Steel welded frame vs Monocoque

I am in the early stages of selecting a kit. For the guys that have welded steel frames are you satisfied with your choice? For street driven car, does monocoque offer any advantages?
 

Davidmgbv8

Supporter
Curious,how much is a monocoque? With suspension? Thought the price was significantly more than a welded tube chassis?
 
Cheaper monocoque? Not around here. The CNC parts alone (>100 separate parts) are worth what a tube chassis costs to put together, and it takes about twice as long to assemble (not including what a tube chassis requires for adding the sheet metal.)
 

Kevin L

Supporter
Frank, I realize this question may be hard to answer but.... from your experience driving an original vs. a replica monocoque; are there driving differences? I ask because I really enjoyed driving my replica but there was always a question about how much the replica drove like one built in the 60s.

Of similar interest is P/1085 which sat as a kit of parts for a long time before being built up... does it drive similarly to a replica?

Kevin
 

Randy V

Moderator-Admin
Staff member
Admin
Lifetime Supporter
Having driven original mono on track, and most of the replica market cars, including the monocoques, my choice is the original, by a long way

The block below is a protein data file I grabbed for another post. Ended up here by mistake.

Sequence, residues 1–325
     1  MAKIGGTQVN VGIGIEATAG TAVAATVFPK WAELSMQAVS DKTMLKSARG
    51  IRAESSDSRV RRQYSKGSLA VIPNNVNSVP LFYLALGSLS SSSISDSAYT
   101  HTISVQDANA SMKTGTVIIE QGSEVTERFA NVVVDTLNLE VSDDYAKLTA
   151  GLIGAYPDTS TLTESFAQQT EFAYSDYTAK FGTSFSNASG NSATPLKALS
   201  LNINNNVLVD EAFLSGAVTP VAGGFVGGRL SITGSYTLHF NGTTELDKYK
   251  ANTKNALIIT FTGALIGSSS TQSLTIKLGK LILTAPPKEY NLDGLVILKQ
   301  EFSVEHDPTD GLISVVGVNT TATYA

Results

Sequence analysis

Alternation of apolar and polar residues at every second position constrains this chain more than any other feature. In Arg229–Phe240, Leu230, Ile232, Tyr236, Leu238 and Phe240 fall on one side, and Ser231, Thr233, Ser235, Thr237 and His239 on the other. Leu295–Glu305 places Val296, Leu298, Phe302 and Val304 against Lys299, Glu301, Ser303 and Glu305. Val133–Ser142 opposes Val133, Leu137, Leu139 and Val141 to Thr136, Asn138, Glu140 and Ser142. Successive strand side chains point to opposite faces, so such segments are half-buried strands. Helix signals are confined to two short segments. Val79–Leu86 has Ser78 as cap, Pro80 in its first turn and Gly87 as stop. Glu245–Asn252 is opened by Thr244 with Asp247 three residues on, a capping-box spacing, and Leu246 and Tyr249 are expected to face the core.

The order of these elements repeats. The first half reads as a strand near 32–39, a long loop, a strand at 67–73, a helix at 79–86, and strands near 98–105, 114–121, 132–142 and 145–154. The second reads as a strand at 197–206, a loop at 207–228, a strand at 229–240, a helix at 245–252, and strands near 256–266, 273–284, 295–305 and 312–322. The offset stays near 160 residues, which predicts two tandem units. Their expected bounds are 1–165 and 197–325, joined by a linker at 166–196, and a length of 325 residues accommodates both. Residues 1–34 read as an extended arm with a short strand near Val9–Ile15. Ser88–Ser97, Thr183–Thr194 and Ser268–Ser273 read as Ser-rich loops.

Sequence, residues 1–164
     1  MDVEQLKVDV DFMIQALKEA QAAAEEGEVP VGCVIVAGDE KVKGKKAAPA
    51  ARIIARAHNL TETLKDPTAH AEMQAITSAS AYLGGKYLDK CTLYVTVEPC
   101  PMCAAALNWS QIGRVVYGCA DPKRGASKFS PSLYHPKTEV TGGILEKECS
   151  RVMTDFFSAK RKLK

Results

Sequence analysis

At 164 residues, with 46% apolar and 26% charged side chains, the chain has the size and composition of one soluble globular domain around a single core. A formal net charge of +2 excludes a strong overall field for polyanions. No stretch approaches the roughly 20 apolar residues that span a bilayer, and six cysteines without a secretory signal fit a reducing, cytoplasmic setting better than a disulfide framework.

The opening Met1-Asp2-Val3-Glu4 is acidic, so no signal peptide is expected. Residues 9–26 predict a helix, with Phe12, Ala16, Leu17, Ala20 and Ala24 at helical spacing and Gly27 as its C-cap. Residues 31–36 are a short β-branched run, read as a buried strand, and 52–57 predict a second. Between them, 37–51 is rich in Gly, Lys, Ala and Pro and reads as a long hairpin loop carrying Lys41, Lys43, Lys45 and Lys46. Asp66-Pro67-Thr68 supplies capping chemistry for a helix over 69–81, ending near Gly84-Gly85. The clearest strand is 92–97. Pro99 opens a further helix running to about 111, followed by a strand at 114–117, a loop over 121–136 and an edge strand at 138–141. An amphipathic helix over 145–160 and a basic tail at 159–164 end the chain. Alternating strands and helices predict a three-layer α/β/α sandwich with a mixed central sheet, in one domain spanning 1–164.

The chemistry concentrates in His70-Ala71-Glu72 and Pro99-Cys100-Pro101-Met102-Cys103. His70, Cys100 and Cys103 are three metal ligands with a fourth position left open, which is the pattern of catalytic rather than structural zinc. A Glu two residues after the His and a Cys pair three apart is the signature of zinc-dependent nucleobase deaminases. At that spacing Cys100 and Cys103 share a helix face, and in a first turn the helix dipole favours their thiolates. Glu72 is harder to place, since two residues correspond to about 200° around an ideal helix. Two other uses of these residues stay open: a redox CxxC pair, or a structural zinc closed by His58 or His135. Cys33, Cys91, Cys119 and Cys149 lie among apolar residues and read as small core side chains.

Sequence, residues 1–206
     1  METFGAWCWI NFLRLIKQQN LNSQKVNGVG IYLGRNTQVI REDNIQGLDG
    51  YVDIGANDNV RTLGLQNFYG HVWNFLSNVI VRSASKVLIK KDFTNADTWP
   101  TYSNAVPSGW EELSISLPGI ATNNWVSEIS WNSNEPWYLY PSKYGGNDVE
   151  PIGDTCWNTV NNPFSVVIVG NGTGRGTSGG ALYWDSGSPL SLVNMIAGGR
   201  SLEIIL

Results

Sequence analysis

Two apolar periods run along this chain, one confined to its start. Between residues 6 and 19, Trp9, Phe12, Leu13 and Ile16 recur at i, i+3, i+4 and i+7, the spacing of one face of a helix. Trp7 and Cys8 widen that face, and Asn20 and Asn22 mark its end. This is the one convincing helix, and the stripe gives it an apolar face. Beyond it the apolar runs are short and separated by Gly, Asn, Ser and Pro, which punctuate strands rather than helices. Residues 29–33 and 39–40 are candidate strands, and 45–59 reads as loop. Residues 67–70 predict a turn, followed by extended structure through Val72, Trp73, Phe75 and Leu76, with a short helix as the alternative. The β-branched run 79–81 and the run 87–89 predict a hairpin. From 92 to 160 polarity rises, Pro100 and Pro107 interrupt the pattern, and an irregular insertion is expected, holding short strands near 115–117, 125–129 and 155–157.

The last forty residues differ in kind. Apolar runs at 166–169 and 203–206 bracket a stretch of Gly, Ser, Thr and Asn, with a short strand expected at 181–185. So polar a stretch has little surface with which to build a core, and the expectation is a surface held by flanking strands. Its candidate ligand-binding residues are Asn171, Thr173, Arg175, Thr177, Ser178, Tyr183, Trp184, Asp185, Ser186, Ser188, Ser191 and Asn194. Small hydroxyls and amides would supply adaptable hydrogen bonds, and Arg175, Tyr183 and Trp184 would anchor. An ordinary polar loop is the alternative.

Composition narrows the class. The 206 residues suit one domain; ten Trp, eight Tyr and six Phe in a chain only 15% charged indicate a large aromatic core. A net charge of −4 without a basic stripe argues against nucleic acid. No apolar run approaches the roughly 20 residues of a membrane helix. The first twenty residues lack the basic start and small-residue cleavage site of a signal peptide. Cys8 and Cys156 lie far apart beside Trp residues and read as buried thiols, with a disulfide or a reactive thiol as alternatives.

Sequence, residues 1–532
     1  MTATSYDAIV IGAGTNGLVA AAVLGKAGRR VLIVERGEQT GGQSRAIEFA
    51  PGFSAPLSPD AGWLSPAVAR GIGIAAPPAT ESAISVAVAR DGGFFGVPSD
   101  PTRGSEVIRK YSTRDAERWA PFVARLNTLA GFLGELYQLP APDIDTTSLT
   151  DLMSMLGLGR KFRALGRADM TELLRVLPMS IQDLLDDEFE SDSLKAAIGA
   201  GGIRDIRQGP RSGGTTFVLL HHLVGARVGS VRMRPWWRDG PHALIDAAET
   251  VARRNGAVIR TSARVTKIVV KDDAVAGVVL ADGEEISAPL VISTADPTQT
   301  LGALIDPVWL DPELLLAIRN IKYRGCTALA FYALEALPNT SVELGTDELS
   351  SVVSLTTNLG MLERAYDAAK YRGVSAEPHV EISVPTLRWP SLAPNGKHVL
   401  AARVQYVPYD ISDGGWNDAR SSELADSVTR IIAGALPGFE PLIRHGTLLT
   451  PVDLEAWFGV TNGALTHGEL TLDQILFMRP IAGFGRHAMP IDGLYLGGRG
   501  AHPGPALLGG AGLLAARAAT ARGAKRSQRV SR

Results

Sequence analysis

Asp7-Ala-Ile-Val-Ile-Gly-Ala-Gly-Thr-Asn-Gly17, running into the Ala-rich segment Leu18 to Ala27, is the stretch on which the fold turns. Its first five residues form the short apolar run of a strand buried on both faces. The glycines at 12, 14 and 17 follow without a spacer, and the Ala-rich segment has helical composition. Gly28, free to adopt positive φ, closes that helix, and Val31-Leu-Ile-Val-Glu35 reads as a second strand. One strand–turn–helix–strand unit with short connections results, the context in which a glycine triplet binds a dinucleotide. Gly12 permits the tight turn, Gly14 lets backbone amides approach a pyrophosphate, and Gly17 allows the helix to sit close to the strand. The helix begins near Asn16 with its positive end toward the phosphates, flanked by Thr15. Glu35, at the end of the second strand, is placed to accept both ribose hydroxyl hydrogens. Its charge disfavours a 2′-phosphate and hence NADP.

That’s pretty interesting given the poor quality materials (un-galvanized, thin mild steel) that was used in the original chassis. Not to mention the much higher quality tires, springs, shocks and brakes being used in most replicas…. I’m not saying you are mistaken - just extremely curious how this can be… Possibly the Steel spider vs. Fiberglass as used by nearly all replica houses?
Or is it analogous to perhaps an Audiophile that prefers the more mellow and dampened analog sounds from a tube type amplifier vs. modern digital technology?
 
^ exactly. An original mono is likely fitted with period looking tires, perhaps bias ply. That one change in spec from a modern radial changes quite a lot. Second, if the repro is a mono, does it use original pick-up points? If so, camber/castor rates may not be great for a modern low profile tire.
 
I would guess that it is the total package of a original style mono car;
Your shifter is basically steel to steel all the way to the transmission, no cables.
Suspension is either rosejoint or bearings, no bushings that provide any flex or dampening.

Very few offers a monocoque as a loose item and trying to make alot of parts from different suppliers fit together sounds like a bad idea.
 
On the topic of the original monocoque chassis, does anyone know what the thickness/guage of the sheet steel was and what the specific grade of steel used? In doing comparison to some of the modern replicas currently available, I’m curious how the basic material strength compares (I realize there is a substantial amount more that goes into the final strength of the chassis, well beyond what an enthusiast could determine, but basic material does play a role).
 

Davidmgbv8

Supporter
So funny enough I was wondering what the torsional values of a monocoque vs an SGT chassis. As I was wondering would FAV been better offering a semi stressed tubular chassis that was less costly to build?